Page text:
ii. Consecration, iii. Commemoration of persons and events, iv. Part of a Set of Bāj


v. Part of a group of rituals, vi. Special Purposes



In the Bāj-dharnāthe creations are represented as follows: Humans by the priest, animals by the gōshōdāg (clarified butter -ghee) metals by ritual utensils, earth by the demarcated furrowed area, plants by fruits and drōn. Water and fire too are present, completing the heptad of creation. Apart from these principle requisites, secondary requisites are also used. The special requirements for the performance of Bāj-dharnā are the metallic barsom and aiwyaonghan, generally referred to as tae-sankli. The other important ritual requisite for this ritual is the dron. It can be prepared in a ritually pure environment by any Parsi/Irani Zoroastrian in a ritually pure state.



 Ritual Acts: The priest starts the ritual with washings and cleansing of ritual utensils and requisites, which include the kalashyā, kahārnu, fulyu, tāe and sānkli. There are three levels of ritual cleaning: a) Washing; b) Cleansing and c) Purifying.



Then two kalashyās are purified and filled with water and made ritually pure. The priest then places four drōn and with ghī and pomegranate seeds on it. The he cleanses his left hand with the five tāe and two sānkli and then ties the sānkli. During the performance of the bāj the priest glances at the requisites several times. He then exchanges the place of frasast and drōn and then does the partaking of the Chāshni (ritual tasting) five times with different combinations. Thereafter he takes a sip of water from the fulyu. After this, the priest places on fire the three pieces of wood and some incense, goes out of the pāvi and performs the Kashti without reciting the kem nA mazdA.After the ritual, members of the laity partake the chāshniof the consecrated items.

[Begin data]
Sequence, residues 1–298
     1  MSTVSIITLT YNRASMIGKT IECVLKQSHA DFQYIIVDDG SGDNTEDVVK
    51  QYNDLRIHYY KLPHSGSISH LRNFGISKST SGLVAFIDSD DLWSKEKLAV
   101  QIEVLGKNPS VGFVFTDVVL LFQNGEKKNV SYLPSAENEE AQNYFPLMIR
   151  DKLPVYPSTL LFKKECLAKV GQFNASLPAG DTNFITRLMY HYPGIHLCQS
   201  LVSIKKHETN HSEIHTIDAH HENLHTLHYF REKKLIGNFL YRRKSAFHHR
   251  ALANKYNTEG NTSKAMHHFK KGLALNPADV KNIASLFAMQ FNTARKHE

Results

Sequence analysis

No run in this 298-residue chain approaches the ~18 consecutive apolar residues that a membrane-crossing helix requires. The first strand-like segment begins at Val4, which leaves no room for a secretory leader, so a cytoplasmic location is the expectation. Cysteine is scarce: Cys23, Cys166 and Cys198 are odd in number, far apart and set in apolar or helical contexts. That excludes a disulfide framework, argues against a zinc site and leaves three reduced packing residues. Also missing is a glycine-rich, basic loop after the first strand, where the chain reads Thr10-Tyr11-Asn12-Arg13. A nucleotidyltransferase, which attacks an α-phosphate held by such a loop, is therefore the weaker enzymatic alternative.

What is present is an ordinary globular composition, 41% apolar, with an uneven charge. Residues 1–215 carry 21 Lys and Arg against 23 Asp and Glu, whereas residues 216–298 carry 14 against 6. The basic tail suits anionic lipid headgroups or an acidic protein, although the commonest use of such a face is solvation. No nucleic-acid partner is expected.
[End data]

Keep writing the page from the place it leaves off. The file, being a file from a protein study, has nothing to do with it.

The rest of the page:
Meaning underlying the Structure


Before the commencement of the ritual all requisites are washed and cleansed to prepare them for the exalted purpose of being utilised for the divine. At the outset the priest ‘undertakes’ an act of ‘veneration’ as a personal desire. In the second chapter, the priest speaks out the ‘proclamation’ of the offerings to the divine beings. The third chapter symbolises the progression from speech to action along with his fellow-men whom he has succeeded in gathering and involving to perform the act of ‘veneration.’ In the fourth and last chapter of the text, the ultimate act of ‘dedication’ takes place. After performing the veneration of the divine beings each participant is fulfilled and complete in himself.



After reaching this state the performer partakes the ritual tasting. The climax of the ritual is reached when the performer ends the ritual with the personal affirmation “I am Zarathushtra” and the showering of benedictions. In the end the performer directly addresses Ahura Mazda indicating an establishment of a direct rapport with Him, just as Zarathushtra had done at the height of his divine quest. Before ending the ritual, the priest feeds the fire with fuel and incense which implies that the the power generated through the ritual, would be used towards strengthening Ahura Mazda, symbolised by the fire.